Author Topic: Welding cylinders to fix them  (Read 1259 times)

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Offline Cut4fun .

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Welding cylinders to fix them
« on: October 10, 2011, 05:50:47 pm »
I had a friend that repaired aluminum cylinder heads on cars, etc and figured someone must have tried fixing broken chainsaw cylinders.

Come across this video showing a common repair on broken cylinders.  8)
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Offline nmurph

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Re: Welding cylinders to fix them
« Reply #1 on: October 11, 2011, 08:12:27 am »
I work at a technical college and have the benefit of a world-class welder (he teaches Certified Welding Inspectors their craft and also was a welder inside nuclear containment vessels) as one of our instructors. I asked him about welding on saws....the bottom line is that he welded a fin back on a 346NE. The piece was missing when I got the saw. I had another cylinder that was beyond repair. I cut the fin on and fitted it to the missing stub. When it was cleaned it up, you could hardly tell where he had been. He has also TIG'd a CB mount and repaired a crankcase fracture on 346's.  On the CC and CB repairs, you will need Mg rod and I couldn't find it locally in small amounts. It was $150/lb with a 3# minimum. I did find someone on Ebay selling it for $2.50/3ft length. The shipping was $13.50, one stick or multiples, so I bought a handful.

Offline Al Smith

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Re: Welding cylinders to fix them
« Reply #2 on: October 11, 2011, 12:18:08 pm »
I've never done it mainly because I don't have a heli-arc rig .

On my avatar picture that 2100 Homelite has had a lot of welding done to the starter .My buddy who owns a welding shop did it .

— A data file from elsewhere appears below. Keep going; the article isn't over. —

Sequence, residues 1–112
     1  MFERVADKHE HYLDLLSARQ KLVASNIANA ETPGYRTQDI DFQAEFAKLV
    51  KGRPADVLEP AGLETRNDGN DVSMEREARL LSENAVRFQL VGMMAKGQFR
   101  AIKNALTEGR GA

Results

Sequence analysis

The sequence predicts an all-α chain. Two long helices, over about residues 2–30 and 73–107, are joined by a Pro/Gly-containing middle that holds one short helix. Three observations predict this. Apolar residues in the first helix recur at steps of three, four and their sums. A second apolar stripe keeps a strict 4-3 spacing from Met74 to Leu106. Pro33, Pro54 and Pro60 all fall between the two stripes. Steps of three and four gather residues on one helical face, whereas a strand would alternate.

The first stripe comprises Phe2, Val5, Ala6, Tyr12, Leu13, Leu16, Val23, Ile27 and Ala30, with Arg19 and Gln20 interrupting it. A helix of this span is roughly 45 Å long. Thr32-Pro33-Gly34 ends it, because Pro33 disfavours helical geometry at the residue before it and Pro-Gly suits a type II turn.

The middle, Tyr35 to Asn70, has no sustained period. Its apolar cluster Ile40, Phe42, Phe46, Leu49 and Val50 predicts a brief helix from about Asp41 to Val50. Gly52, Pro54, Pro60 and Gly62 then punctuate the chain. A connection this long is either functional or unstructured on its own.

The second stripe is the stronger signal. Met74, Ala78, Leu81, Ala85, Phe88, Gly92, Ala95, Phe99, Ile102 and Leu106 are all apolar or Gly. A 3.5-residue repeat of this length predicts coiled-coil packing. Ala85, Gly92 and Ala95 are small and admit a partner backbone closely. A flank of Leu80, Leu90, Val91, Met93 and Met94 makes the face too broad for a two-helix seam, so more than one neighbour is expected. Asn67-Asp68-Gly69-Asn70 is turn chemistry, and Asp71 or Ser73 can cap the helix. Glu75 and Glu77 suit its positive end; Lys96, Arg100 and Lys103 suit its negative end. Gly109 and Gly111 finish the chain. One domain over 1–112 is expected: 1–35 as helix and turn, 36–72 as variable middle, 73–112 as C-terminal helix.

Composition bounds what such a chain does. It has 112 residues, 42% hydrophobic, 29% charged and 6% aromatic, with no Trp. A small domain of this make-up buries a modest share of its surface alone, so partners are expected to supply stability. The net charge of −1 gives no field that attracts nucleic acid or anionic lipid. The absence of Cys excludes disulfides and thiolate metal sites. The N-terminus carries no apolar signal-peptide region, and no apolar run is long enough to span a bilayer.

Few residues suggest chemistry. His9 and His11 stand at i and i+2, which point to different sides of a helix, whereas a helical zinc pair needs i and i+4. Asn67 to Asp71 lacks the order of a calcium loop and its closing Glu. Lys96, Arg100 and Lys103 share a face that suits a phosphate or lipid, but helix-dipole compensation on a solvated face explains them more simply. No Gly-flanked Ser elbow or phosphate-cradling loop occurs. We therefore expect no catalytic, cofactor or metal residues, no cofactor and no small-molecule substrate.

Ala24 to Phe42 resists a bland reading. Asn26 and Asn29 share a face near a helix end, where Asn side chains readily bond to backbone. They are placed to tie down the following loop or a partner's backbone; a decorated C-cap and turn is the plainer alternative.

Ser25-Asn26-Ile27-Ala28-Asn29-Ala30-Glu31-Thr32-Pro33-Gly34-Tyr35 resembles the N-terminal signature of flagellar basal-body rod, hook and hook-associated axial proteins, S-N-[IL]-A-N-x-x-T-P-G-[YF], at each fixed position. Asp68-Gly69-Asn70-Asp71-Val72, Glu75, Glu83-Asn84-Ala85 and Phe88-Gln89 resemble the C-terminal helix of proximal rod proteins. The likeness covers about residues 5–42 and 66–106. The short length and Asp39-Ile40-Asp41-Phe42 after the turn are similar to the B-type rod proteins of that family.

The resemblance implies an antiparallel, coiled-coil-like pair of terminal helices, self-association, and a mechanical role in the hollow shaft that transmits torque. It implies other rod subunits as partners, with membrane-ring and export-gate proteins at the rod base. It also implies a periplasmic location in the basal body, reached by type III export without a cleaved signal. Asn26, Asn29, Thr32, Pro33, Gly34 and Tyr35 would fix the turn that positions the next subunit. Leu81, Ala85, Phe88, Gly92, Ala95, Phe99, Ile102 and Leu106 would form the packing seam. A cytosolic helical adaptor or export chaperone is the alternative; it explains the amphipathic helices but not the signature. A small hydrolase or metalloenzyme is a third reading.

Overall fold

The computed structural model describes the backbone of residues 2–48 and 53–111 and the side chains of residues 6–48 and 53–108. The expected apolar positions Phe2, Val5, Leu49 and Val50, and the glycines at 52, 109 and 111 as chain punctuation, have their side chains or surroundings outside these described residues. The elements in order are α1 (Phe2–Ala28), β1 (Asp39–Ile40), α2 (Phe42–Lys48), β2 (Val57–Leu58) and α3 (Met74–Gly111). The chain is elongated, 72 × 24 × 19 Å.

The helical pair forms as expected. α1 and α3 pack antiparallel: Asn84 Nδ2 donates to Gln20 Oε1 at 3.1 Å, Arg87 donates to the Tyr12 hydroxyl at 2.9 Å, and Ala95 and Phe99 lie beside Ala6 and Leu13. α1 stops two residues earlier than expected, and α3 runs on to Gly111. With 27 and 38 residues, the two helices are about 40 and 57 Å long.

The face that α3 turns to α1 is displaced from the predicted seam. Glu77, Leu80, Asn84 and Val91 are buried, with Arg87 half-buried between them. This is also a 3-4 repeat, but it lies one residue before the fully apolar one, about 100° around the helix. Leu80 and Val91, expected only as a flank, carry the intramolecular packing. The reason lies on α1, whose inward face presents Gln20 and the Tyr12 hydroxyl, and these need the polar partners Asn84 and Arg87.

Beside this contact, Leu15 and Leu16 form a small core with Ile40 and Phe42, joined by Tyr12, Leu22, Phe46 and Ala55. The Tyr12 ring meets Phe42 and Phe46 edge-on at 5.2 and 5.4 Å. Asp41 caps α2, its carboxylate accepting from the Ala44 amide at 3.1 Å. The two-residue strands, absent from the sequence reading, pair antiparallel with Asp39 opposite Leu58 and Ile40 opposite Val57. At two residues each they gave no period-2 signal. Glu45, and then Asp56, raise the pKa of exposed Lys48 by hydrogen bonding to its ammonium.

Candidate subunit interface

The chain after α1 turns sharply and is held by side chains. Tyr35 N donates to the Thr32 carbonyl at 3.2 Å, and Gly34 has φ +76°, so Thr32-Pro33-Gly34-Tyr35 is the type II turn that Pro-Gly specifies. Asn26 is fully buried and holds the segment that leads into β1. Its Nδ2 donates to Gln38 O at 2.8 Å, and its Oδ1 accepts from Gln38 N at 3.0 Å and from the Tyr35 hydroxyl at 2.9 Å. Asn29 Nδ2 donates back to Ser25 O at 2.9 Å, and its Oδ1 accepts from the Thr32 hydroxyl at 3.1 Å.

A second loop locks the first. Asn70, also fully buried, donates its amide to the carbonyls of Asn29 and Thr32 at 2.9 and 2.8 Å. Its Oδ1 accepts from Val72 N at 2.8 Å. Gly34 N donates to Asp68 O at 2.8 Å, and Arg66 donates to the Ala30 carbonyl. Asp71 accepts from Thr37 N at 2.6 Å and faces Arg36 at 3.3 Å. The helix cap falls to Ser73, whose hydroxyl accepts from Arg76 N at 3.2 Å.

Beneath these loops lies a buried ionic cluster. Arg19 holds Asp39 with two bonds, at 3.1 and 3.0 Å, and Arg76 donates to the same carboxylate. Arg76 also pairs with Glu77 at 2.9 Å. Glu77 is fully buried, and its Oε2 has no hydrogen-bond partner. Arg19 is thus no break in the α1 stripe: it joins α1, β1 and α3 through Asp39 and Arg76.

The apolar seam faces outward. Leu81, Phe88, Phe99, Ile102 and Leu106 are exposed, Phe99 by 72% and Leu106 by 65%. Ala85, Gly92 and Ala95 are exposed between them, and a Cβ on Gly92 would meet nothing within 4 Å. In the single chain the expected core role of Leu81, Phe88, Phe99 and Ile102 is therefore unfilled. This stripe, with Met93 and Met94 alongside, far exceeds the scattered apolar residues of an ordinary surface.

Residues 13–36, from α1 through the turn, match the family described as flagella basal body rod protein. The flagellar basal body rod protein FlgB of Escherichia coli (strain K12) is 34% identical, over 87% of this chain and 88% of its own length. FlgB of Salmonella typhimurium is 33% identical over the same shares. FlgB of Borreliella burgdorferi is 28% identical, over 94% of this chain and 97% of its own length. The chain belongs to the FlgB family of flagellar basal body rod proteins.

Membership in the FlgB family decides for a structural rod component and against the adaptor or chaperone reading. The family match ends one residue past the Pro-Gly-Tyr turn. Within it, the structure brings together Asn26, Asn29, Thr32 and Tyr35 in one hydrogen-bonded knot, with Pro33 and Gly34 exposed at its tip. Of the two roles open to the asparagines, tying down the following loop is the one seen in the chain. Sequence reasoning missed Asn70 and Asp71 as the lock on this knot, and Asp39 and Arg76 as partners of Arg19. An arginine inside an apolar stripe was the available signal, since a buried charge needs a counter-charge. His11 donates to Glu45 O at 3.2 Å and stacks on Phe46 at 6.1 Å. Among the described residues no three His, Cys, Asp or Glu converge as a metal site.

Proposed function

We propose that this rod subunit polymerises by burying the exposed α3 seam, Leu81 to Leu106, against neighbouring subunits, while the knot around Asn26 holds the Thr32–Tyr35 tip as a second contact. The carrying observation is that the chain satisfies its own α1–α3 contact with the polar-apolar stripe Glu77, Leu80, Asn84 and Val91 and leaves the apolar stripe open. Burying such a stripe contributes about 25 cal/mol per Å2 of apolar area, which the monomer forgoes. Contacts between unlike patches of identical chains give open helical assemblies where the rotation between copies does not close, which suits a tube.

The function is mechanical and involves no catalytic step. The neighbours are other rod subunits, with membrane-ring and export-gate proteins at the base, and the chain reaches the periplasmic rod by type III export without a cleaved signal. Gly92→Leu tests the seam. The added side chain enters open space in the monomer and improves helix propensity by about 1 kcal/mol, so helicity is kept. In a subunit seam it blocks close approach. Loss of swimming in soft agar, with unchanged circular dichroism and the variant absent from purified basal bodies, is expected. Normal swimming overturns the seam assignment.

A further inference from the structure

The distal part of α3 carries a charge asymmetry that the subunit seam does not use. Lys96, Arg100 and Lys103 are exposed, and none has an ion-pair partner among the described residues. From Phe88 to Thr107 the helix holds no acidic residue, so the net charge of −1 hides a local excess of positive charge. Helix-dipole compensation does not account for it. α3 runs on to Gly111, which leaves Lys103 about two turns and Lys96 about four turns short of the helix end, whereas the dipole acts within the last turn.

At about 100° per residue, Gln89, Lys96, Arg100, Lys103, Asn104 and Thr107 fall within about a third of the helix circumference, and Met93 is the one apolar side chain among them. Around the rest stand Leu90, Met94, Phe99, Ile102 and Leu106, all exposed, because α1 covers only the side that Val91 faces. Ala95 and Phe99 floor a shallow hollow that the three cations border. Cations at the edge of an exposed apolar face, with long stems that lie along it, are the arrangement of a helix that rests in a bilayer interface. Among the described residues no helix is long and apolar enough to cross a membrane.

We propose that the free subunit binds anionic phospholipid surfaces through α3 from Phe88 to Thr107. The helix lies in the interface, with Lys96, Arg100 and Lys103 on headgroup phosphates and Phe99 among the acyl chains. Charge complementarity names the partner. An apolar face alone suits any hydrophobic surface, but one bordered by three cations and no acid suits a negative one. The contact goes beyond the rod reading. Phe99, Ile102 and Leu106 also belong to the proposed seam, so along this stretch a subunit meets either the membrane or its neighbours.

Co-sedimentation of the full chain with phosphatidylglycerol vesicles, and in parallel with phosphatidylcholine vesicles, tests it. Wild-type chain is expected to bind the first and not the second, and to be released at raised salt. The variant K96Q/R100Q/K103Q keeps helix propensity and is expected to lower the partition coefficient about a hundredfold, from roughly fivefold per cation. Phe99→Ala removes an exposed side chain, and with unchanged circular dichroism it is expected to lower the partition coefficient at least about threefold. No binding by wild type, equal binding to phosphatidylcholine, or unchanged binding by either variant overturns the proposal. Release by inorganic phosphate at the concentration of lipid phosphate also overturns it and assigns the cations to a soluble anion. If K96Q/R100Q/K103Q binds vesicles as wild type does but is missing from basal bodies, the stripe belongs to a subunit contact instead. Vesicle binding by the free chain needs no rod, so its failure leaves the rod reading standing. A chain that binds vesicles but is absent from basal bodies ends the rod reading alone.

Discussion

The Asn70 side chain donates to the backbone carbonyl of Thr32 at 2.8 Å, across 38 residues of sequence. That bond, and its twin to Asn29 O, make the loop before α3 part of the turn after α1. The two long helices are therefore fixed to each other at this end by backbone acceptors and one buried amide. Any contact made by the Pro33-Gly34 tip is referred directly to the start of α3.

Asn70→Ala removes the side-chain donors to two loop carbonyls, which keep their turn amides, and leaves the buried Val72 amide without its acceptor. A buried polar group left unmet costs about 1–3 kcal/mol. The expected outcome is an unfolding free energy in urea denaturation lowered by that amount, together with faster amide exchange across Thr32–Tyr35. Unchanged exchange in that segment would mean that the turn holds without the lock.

Evidently the decomp wasn't working and some gorilla type on the west coast nearly jerked the starter off it .However it was must have been strong as a bull .

Offline farmboy

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Re: Welding cylinders to fix them
« Reply #3 on: October 12, 2011, 08:49:11 am »
7-8 yrs. ago I dought Hobart Mig Handler 250.  Also bought the aluminum welder that uses 1# spool in the gun, gas tank that goes with it.  Still haven't used the alum welder.  Don't have a tig do you think the alum. welder will do cyls?

Offline Al Smith

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Re: Welding cylinders to fix them
« Reply #4 on: October 12, 2011, 10:26:14 am »
From what little I know about it, it's more the alloy of the metal .With TIG in my opinion you  have better control than with a wire welder also .

Now I've never claimed to be a good heli arc welder on aluminum mainly because I never had any reason to be .However using TIG on steel I've done stuff that would be very difficult to do with a wire welder .Such as welding a bandsaw loop back together .

Within the last six months I had a welder at work weld the cases of an 038 mag because of a hole in the oil tank .It took him about 4 different types of filler rod until he found the correct alloy to use .So on that unless a person knew going in what the alloy make up is it would be hit and miss .

Rambling on .On cast iron there are so many types,the way it's cast etc that none of it reacts quite the same .John-Deere for example is very easy to weld .Caterpillar and old Ford are very difficult .--and so it goes . However I'd much imagine that certain components of chainsaws would also present a challange .

Offline StumpysCustoms

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Re: Welding cylinders to fix them
« Reply #5 on: January 07, 2012, 12:08:24 am »
I have fixed a few cyl before after taking a lil to much material out when porting. First one was a 088 :-\ on the intake runner.  I haven't welded any fins back on yet,  but certainly doable.

Offline doreadeal

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Re: Welding cylinders to fix them
« Reply #6 on: December 04, 2013, 06:10:20 pm »
I havent had the need to do it but yes it can be done. Cylinders arnt a heat treated aluminum, so you don't have to worry about that.


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